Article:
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Olympism—universal and timeless

Tuesday, December 31, 2013

What will 2014 hold? From the perspective of the T&T Olympic Committee (TTOC), I anticipate a step change.  While there are those who always seem able to point out what will not work or what can’t happen, I am a big believer in not just stepping out of the box but building a new box. It’s important to re-engineer while remaining true to core principles and values. The TTOC as an organisation, must determine if it is fit for purpose and able to serve and exceed the expectations of the current and future generations. Change is not an indictment of what has gone before but a validation that a solid foundation is in place and it is of such strength and resilience that it can withstand necessary change. Baron Pierre de Coubertin founder of the modern Olympic Movement said: “Olympism did not reappear within the context of modern civilisation in order to play a local or temporary role. The mission entrusted to us is universal and timeless.”


According to former  IOC president Jacques Rogge, the success of the IOC is not measured solely by what occurs today, but by the lasting legacy created through sport. He further affirmed that all of the IOC’s activities—from staging the Olympic Games and the Youth Olympic Games, to bringing sport to impoverished communities—are intended to deliver long-term positive benefits.
It is important to restate the core pillars that underpin the IOC and by extension the National Olympic Committees (NOCs). They are ensuring the regular celebration of the Games, inspiring and educating youth, promoting sport and Olympic values, and supporting and developing the Olympic movement. The Olympic mission is a great cause. Building a legacy for future generations is important. From inception, the Olympic movement has focused on building a legacy by and through youth. Advancing that goal requires new initiatives and creative programmes. How do we engage children and youth and awaken their interest in participating in sport, contributing to and celebrating the Olympic movement, building friendships, participating in sports-based community and sustainable projects that highlight the importance of giving back to the communities.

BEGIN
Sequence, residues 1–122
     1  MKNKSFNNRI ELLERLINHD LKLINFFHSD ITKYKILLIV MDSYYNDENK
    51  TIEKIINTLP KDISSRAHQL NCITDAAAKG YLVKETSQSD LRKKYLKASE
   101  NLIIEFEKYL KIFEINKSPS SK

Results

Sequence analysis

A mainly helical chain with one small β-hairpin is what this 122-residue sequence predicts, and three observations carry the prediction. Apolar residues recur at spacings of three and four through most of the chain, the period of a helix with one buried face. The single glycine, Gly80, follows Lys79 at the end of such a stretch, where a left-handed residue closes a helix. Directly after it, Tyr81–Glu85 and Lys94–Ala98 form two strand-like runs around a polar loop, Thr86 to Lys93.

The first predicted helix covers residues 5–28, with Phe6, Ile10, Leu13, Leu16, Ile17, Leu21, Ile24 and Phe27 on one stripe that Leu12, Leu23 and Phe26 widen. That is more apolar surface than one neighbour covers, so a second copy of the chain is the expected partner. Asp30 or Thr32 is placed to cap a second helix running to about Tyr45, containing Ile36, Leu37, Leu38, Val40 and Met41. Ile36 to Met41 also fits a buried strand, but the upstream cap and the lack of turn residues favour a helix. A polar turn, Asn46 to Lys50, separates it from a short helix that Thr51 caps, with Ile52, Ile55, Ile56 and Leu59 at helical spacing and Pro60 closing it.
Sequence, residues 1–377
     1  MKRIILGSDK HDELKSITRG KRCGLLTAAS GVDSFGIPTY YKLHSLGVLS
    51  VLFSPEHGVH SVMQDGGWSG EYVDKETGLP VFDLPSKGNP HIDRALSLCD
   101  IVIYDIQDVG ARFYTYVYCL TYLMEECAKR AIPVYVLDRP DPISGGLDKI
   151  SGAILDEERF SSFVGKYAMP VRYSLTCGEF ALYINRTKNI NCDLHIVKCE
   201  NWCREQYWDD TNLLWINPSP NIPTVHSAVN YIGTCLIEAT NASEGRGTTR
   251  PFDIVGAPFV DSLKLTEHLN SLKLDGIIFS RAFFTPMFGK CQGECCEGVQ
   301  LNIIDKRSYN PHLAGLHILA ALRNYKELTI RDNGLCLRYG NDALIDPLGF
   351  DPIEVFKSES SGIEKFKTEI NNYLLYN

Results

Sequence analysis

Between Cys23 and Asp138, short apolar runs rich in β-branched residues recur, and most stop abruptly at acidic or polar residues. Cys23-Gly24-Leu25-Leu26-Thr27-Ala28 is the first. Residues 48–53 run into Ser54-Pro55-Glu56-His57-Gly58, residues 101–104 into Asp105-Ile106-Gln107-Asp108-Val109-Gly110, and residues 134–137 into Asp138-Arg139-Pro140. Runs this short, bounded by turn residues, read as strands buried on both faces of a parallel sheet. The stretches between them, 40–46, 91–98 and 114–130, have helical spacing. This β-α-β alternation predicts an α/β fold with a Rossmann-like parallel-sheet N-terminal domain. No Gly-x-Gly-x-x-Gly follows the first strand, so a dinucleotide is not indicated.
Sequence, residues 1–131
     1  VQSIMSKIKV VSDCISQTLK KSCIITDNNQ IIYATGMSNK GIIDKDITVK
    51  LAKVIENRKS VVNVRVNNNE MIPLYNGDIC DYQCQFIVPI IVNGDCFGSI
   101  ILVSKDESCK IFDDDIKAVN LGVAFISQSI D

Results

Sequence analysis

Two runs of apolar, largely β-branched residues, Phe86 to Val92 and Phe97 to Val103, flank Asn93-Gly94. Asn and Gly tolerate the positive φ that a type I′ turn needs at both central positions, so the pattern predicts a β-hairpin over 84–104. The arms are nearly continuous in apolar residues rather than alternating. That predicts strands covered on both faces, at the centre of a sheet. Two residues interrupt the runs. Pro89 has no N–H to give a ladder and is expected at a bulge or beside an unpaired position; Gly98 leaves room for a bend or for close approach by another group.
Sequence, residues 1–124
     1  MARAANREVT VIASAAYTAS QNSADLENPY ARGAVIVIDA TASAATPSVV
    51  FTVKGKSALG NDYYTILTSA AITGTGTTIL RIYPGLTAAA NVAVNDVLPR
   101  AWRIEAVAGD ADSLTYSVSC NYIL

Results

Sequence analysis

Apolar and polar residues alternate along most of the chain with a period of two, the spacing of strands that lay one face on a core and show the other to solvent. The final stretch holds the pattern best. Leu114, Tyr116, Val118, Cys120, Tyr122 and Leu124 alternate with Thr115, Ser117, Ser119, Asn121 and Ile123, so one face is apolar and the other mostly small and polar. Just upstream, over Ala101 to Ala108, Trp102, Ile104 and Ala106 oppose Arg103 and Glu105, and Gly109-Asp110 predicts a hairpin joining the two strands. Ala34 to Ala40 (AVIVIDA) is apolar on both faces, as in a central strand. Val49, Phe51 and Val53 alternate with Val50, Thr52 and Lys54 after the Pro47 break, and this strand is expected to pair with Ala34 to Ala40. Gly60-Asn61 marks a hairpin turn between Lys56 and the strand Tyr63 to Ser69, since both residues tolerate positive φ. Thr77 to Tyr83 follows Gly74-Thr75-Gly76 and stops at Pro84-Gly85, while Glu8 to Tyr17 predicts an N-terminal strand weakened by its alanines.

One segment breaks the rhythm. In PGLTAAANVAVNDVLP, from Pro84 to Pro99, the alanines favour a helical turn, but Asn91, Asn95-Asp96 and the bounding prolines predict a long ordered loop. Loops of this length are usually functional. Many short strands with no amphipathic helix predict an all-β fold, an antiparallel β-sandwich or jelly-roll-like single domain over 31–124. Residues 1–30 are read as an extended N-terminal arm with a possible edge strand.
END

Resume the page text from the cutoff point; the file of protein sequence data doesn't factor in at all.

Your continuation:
Taking its cue from the IOC, the TTOC must engage and cooperate with public and private organisations to place sport at the service of humanity. The Olympic Charter defines Olympism as a philosophy of life that blends sport with culture and education. Guided by the Olympic Charter declaration that sport is a human right, the TTOC must advocate for inclusion in sport. Sport should be available to people of all ages and abilities without discrimination. Since the Olympic Charter was amended in 1994 to include concern for the environment as a pillar of Olympism—alongside sport and education and culture—to promote environmental responsibility throughout the world of sport is a focus of the Olympic movement. Minimising the environmental footprint of sport is a strategic focus. The TTOC is committed to serving the athletes, to protect the integrity of sport and to ensure that it is looking to the future. The athletes, children and youth are the priority.
Happy New Year. May 2014 be a prosperous, happy, safe and exciting year.


Brian Lewis is the President of the Trinidad and Tobago Olympic Committee. The views expressed aren’t necessarily those of the TTOC. Visit for more information about the IOC and the TTOC


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